By Jeremy Bowen
BBC Middle East editor
The British Council in Gaza was one of several European targets
Now that the Palestinian militant Ahmed Saadat is in custody in Israel, the street-level anger witnessed on Tuesday is likely to subside - as long as there is no further Israeli violence in the coming days.
The question now is what Saadat's Popular Front for the Liberation of Palestine (PFLP) will do.
It has already said it will retaliate against Israel.
But does it have the capability to carry out revenge attacks, and will Israel be able to thwart them?
So why did this all happen now?
The British have not given any concrete reasons for why they pulled their monitors out of the prison in Jericho, other than because of security fears.
Certainly, for a long time the Palestinians have not been keeping to the rules they were meant to be following for running this particular prison.
But there is a new element of uncertainty - from the perspective of UK Foreign Secretary Jack Straw and others - with the advent of the administration led by the Islamic militant group, Hamas.
Will Hamas, which won democratic elections in January, consider themselves bound to honour agreements signed by previous Palestinian administrations?
Hamas has said it will not recognise Israel, but it has hinted at continuity.
From the perspective of the Israeli leadership, which goes to the polls on 28 March, it is easy to see why this raid on the prison might be an attractive operation.
Acting Prime Minister Ehud Olmert has been losing points in opinion polls because he does not have a strong military background - certainly not like his predecessor Ariel Sharon.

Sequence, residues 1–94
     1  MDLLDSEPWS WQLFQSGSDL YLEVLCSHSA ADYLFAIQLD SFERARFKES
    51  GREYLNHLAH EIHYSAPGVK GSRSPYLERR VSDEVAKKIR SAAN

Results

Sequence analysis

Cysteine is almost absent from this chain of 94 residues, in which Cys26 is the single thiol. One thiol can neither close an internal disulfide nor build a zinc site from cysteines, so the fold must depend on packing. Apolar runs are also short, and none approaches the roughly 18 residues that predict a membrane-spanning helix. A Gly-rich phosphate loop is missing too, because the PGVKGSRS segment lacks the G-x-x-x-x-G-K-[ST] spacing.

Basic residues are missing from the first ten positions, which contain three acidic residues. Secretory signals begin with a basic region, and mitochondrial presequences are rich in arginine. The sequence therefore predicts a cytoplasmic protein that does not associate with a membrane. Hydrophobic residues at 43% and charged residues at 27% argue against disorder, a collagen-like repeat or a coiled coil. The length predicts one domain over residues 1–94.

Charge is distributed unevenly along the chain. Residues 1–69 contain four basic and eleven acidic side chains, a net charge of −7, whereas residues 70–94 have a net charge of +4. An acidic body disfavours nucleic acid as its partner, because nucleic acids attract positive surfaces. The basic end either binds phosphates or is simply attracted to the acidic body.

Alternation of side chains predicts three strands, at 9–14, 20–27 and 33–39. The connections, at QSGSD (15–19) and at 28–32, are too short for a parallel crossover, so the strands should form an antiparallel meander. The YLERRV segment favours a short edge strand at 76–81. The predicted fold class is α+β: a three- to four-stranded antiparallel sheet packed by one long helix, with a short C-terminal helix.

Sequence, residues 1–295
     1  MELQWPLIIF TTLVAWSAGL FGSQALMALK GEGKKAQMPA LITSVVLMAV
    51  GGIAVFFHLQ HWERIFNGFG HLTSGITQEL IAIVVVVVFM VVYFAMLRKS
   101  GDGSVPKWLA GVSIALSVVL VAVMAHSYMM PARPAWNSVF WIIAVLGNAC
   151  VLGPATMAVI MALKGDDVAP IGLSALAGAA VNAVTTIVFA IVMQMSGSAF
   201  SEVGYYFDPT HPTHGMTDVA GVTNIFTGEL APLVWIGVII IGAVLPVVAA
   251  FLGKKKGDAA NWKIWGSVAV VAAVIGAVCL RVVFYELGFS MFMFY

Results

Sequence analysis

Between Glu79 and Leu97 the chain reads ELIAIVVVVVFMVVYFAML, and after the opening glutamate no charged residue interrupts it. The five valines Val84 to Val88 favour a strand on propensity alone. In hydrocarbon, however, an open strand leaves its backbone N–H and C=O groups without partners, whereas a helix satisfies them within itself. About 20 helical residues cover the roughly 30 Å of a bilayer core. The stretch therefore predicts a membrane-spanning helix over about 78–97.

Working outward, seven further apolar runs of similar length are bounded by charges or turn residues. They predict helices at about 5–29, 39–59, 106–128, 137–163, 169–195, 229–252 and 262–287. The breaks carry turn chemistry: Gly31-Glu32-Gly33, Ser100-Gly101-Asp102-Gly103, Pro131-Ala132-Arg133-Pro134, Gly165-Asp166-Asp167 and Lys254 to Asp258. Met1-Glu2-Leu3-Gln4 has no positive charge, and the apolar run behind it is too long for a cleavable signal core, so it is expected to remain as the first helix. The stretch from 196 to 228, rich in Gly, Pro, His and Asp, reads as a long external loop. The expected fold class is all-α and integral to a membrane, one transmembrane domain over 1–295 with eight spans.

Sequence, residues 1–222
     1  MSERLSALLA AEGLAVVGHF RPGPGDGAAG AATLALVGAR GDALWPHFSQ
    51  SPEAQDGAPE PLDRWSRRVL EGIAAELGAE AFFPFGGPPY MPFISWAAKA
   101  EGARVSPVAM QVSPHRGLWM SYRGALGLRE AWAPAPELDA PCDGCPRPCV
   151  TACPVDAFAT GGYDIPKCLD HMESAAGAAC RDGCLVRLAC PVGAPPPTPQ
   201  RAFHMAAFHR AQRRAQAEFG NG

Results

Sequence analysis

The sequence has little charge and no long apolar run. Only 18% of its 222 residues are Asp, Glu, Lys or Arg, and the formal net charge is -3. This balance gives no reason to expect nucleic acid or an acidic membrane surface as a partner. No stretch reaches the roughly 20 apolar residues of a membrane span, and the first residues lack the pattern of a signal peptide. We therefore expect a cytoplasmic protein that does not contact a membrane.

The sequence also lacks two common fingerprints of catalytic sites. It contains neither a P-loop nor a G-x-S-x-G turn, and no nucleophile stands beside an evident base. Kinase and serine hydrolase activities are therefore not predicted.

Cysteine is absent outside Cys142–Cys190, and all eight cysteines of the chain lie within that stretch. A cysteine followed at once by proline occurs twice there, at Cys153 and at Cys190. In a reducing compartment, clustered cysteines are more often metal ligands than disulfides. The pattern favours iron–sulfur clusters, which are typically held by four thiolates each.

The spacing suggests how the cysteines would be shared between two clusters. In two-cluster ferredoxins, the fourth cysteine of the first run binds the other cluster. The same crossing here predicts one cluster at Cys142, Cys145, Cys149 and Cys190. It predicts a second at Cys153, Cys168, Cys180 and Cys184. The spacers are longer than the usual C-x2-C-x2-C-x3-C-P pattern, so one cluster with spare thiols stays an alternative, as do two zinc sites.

He can certainly expect a consolidation of his political position after this.
There have been allegations of collusion with the Israelis over the timing of the pull-out of the UK and US monitors from the prison.
This would not be unprecedented.
Looking back over the history of the Israel-Arab conflict, there are some examples of collusion between the British and the Israelis, and the Americans and the Israelis.
However, at this point, the evidence is not necessarily pointing in that direction.
Britain says it emphatically told the Palestinian Authority a few days ago that this was going to happen. It also had to tell the Israelis under the terms of the agreement under which this prison was organised.
There is also a pretty good chance the Israelis would have learned about the pull-out from a variety of other sources.
Jericho is a small, sleepy enclave, with high mountains to one side, and Israelis all around it. They also have high-tech surveillance mechanisms, and have comprehensively penetrated the Palestinian security forces.
The threat of further kidnappings will be very worrying for foreigners in the Palestinian territories.
But it is not the same situation as in Iraq. Until now foreigners kidnapped by Palestinians have been released unharmed. The fear is that one day that may change.
Europeans especially have been used to getting a warm reception when they visit the Palestinian territories, partly because they are assumed by many Palestinians to be on their side.
But that attitude is changing. First there were the cartoons satirising the Prophet Muhammad in a Danish newspaper, then the European Union joined a fairly frosty reaction to the results of the elections and now this.
Viewed from the Palestinian perspective, it must look as though the Europeans have joined the whole world that is against them.
Certainly the way the violence boiled up so quickly on Tuesday is a sign of the rage and tension on the Palestinian side.
It is a worry for the Palestinians, but it is also a worry for the foreigners working in their midst who, it must be said, do a great deal to keep the Palestinian society going.